Sales in total decline for the fourth straight month
Existing-home sales, weighed down by rising prices and low inventory, fell for the fourth consecutive month in May.
According to the National Association of Realtors, total existing-home sales were down 0.9% to an annual pace of 5.80 million – the slowest month-over-month rate since June 2020. Year over year, sales were up 44.6% to an annualized rate of 4.01 million.
“Home sales fell moderately in May and are now approaching pre-pandemic activity,” NAR chief economist Lawrence Yun said. “Lack of inventory continues to be the overwhelming factor holding back home sales, but falling affordability is simply squeezing some first-time buyers out of the market.”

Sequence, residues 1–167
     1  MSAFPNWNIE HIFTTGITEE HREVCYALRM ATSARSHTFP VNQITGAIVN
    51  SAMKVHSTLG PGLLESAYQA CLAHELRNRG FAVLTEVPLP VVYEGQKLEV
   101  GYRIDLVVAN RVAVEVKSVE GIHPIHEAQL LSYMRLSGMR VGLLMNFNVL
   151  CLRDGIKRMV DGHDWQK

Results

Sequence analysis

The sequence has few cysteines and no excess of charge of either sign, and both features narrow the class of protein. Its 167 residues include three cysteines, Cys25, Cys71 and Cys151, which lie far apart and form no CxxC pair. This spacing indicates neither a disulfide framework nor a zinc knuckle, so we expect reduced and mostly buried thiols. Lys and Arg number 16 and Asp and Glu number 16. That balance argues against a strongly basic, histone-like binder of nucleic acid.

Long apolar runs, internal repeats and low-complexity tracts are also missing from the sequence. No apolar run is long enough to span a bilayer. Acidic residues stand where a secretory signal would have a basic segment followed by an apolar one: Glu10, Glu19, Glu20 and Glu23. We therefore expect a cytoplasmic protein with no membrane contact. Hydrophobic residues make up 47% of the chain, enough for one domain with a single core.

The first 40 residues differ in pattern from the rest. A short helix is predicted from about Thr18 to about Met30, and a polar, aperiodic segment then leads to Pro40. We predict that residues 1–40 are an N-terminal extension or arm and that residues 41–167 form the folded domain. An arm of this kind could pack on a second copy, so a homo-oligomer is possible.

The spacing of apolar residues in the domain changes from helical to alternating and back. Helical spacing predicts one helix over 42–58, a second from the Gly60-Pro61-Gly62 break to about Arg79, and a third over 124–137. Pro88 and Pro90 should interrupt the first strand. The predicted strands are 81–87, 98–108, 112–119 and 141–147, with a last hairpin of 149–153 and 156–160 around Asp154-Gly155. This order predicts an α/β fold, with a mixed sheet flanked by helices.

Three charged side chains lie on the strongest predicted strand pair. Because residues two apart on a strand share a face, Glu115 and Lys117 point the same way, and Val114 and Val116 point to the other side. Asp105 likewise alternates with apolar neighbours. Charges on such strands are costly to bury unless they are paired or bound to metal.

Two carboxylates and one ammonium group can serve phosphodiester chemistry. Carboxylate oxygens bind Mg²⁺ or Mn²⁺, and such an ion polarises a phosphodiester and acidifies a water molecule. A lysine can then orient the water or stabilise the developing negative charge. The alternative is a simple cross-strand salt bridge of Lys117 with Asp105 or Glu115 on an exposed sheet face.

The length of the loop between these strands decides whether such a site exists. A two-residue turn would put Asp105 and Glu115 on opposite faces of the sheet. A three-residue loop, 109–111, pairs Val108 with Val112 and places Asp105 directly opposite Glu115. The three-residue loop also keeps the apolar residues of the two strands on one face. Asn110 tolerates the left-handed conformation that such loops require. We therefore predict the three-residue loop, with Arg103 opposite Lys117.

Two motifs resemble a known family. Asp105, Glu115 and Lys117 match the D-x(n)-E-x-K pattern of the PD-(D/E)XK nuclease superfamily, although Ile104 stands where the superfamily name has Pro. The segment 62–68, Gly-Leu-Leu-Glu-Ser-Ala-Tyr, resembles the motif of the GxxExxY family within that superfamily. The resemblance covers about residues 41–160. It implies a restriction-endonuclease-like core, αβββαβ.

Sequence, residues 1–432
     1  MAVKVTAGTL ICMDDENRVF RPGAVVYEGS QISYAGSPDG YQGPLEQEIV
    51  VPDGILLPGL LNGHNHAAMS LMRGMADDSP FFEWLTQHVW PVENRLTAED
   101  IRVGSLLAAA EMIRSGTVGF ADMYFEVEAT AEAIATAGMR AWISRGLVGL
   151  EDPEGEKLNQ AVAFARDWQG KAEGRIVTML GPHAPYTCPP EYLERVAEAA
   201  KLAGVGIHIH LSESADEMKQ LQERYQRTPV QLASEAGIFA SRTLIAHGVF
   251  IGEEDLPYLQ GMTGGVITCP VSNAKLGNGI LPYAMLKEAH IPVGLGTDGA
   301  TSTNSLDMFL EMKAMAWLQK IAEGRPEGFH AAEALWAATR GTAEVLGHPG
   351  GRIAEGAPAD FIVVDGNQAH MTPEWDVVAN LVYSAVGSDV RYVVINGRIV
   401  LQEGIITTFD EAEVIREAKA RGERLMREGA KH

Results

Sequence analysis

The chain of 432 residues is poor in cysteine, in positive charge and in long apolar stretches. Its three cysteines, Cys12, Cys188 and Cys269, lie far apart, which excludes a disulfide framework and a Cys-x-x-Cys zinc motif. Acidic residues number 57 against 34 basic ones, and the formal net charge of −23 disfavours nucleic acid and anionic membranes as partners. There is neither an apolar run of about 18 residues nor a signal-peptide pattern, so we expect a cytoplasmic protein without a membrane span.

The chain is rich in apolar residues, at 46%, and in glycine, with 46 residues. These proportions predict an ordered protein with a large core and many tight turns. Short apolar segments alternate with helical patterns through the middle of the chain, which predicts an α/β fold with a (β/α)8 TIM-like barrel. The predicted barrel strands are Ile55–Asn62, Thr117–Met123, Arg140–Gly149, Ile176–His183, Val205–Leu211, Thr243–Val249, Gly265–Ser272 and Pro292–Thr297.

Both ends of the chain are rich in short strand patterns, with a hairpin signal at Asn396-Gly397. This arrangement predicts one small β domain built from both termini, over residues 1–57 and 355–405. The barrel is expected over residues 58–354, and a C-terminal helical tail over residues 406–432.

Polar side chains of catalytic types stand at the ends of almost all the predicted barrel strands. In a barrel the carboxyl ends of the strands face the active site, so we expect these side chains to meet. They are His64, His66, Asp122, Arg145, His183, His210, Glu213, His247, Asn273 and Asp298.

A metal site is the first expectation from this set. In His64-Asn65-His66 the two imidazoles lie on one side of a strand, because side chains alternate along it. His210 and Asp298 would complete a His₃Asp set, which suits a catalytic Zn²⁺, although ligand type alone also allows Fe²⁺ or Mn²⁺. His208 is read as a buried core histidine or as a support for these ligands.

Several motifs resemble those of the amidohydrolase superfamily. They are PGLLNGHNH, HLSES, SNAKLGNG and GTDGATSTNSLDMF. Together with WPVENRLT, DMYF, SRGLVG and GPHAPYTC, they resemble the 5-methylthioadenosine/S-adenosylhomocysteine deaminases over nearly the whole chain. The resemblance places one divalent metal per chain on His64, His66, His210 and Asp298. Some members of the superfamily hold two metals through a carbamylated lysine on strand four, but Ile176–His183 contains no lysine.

Despite these headwinds, housing demand remains very strong, and sales last month were still much higher than in May 2019, said Joel Kan, AVP of economic and industry forecasting at the Mortgage Bankers Association.
“The median sales price once again surged to a record high at $350,300. For context, the median price was around $295,000 in 2020 and just under $270,000 in 2019,” he said.
Kan also highlighted the positive market outlook on supply.
“One positive development was the 7% increase in for-sale inventory, which should slightly help price conditions. However, the stagnating first-time buyer share at 31%, along with the rapidly increasing median sales price, are signs that affordability is an ongoing challenge at the lower end of the market,” Kan said.
Total housing inventory amounted to 1.23 million units at the end of May. Unsold inventory sits at a 2.5-month supply, slightly up from April’s 2.4% supply but down from 4.6-months a year ago.
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